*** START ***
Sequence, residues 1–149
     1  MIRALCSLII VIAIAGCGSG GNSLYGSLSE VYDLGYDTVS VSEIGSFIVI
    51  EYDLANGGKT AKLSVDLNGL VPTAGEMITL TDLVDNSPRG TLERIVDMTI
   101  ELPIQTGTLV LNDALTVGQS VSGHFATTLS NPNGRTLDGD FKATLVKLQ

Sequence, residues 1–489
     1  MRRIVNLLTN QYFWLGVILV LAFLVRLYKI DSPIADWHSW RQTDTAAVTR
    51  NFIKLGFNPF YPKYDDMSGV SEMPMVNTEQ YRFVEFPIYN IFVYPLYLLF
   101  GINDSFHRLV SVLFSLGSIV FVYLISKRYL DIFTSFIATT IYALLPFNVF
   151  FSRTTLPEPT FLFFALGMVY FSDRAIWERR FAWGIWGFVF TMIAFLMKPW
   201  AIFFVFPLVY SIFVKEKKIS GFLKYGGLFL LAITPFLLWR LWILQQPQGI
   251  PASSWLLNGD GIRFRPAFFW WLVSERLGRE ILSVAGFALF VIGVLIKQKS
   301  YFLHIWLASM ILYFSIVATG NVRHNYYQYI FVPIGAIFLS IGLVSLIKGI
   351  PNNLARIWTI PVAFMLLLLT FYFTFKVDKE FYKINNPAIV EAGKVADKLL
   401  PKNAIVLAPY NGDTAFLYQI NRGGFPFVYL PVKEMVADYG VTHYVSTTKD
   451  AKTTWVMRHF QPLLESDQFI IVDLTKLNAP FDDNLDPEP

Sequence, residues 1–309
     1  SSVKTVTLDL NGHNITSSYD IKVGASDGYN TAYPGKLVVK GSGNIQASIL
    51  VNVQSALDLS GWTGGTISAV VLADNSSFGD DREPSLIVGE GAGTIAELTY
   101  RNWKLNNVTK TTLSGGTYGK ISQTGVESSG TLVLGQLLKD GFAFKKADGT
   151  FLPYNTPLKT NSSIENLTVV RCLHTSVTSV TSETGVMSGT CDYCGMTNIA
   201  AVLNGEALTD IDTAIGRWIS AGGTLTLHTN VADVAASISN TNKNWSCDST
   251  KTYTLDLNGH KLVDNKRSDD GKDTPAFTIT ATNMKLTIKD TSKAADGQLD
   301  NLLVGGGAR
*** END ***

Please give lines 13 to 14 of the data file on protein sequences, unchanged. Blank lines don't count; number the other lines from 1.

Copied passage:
   351  PNNLARIWTI PVAFMLLLLT FYFTFKVDKE FYKINNPAIV EAGKVADKLL
   401  PKNAIVLAPY NGDTAFLYQI NRGGFPFVYL PVKEMVADYG VTHYVSTTKD